Thursday, July 29, 2010

Mass Effect 2 Review

 Seth Green returns to voice the hilarious  Joker.One of the most cliché yet possibly most difficult questions to answer would be the fabled “greatest game of all-time” inquiry. With virtually unlimited variables, everyone has a completely different opinion and with good reason. Can a multiplayer focused title really beat out a single-player title with an engrossing plot? Can an action game with gratuitous decapitations take on the adrenaline rush of a high-impact arcade racer? How about the intelligence and tactical nature of a strategy game compared to the immersive feel of a shooter? This usually leaves the debate at a standstill with names of great games being tossed around to supplement the absence of that one true answer. Endless as it may seem, I’ve found the answer.


Mass Effect 2 is one of those games that’s so engrossing from the very start that when you try to put it down something happens and all of a sudden you’re under its infallible grasp for several more hours. The game continues the adventures of the ambiguously gendered Commander Shepard in his or her attempts to secure the galaxy from the cusp of total annihilation. With Saren destroyed, the Geth quelled, and the Reapers slowed, a mysterious race known as the Collectors have appeared and begun assaulting human colonies for unknown reasons. It’s up to Shepard to build a team to find out who the Collectors are and what they have to do, if anything, with the menacing Reapers.


 This is Grunt, one of the many new crew  members.Some may argue that Mass Effect 2 is playable without having touched the first game, but that’s farfetched. Without experiencing the main plot, characters, and conversations that made the first so memorable, much if not all of the sequel’s charm and weight will be lost. With that said, the story may seem incredibly commonplace, however that couldn’t be further from the truth. As events unfold and characters are met you’ll begin to see how involved this universe is. Everything you do, everything you say has an effect on the universe and the people around you. I’ve never cared for more characters in a video game than this one. Constantly I’d find myself roaming the decks of the Normandy in attempts to hold just one more conversation with the crew. The writing simply blows every game out of the water and with superb voice-acting complementing that, you’ve got the best story-telling system in gaming at your finger-tips.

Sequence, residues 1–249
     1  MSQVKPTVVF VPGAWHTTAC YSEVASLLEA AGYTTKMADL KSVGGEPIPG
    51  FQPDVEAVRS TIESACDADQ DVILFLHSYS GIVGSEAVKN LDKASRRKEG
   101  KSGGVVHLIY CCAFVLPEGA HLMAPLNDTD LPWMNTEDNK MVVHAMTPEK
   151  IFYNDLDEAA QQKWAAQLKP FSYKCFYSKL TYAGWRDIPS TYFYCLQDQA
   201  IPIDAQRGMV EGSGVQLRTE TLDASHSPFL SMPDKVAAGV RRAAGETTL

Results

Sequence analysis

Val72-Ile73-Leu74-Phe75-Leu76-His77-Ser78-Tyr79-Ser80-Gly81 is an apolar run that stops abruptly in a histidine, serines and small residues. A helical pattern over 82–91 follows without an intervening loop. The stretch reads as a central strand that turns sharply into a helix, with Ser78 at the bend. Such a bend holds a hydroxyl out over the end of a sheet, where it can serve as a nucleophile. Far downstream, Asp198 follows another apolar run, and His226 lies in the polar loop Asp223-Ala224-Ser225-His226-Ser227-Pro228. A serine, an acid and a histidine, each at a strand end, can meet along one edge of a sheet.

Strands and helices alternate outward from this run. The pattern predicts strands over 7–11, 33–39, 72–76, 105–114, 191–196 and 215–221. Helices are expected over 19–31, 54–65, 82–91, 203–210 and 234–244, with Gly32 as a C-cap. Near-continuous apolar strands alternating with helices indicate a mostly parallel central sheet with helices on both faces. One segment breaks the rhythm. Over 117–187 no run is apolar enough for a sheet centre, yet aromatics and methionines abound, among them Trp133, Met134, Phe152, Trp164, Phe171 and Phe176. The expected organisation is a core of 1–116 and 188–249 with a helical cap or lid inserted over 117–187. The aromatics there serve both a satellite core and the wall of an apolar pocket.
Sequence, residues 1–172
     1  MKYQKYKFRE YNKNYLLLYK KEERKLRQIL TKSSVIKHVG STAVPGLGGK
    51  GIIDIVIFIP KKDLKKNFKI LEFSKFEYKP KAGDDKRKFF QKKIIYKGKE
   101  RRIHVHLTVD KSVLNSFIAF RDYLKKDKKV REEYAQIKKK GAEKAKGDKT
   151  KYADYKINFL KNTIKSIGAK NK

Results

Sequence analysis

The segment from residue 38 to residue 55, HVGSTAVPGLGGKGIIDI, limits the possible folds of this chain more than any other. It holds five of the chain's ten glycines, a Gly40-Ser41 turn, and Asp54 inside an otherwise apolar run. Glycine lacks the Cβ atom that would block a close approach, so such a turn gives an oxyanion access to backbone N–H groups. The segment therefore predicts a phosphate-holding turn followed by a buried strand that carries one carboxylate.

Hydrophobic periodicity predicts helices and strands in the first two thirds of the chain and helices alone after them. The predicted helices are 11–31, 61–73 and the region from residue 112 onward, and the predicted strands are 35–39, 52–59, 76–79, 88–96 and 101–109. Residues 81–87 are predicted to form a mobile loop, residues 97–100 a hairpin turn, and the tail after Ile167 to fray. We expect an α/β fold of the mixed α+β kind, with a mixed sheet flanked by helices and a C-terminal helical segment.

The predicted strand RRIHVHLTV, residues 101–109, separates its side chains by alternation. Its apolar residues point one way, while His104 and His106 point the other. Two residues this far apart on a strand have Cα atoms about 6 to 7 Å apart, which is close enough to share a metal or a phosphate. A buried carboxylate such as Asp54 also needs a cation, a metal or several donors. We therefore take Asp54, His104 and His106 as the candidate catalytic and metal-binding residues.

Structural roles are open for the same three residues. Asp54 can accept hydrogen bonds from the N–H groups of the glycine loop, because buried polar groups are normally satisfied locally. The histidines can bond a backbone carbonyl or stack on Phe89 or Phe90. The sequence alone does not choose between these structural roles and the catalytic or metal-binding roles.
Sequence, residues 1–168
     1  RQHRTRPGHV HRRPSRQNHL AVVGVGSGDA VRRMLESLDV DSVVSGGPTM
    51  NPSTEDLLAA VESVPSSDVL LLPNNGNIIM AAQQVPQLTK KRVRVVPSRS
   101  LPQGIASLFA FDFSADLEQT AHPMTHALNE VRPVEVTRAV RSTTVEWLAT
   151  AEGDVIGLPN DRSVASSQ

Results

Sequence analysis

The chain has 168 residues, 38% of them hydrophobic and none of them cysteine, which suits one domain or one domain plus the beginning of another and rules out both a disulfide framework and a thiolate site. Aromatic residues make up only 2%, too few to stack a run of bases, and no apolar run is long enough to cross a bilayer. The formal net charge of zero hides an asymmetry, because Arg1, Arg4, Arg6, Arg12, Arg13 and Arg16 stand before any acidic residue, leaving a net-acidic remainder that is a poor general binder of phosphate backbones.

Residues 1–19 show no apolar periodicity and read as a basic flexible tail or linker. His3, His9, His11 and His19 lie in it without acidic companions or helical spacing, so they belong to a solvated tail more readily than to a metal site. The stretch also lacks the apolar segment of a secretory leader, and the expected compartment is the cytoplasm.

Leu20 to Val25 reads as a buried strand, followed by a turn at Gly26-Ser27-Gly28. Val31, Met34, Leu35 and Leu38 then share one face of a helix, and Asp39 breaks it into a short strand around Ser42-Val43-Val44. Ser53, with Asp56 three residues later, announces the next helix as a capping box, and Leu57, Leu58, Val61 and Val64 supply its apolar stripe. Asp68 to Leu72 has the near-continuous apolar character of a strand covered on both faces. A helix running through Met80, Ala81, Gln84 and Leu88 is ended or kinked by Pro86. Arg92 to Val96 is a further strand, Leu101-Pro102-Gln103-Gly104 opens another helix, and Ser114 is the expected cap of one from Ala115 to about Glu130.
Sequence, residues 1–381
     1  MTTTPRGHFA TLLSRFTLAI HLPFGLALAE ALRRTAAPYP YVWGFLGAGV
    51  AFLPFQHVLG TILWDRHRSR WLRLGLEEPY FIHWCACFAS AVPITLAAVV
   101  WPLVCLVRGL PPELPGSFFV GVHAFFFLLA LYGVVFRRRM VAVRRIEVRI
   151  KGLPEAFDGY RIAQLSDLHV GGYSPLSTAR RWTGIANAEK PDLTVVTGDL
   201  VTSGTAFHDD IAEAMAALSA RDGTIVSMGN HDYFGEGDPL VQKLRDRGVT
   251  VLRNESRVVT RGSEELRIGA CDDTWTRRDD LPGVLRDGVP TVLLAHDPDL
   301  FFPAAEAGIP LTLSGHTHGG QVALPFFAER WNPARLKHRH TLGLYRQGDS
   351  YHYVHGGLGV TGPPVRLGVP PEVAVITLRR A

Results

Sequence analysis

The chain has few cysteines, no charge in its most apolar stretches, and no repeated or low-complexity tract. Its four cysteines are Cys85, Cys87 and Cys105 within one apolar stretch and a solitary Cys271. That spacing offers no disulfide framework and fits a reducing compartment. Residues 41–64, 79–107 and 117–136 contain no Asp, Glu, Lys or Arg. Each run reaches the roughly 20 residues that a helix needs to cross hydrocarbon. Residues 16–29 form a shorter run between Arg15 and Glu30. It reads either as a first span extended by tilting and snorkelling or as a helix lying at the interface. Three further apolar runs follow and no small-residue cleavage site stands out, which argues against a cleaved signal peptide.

A very unique option to import your character from the first game is also present. If you decide to do this, all the choices you committed to in Mass Effect will carry over and have resounding effects in Mass Effect 2. These aren’t small, menial distractions either. Depending on what you’ve done, the game could be completely different by just shifting a single choice. Experiences will be drastically different, worlds will change, and some colleagues of yours could end up dead; not the temporary kind.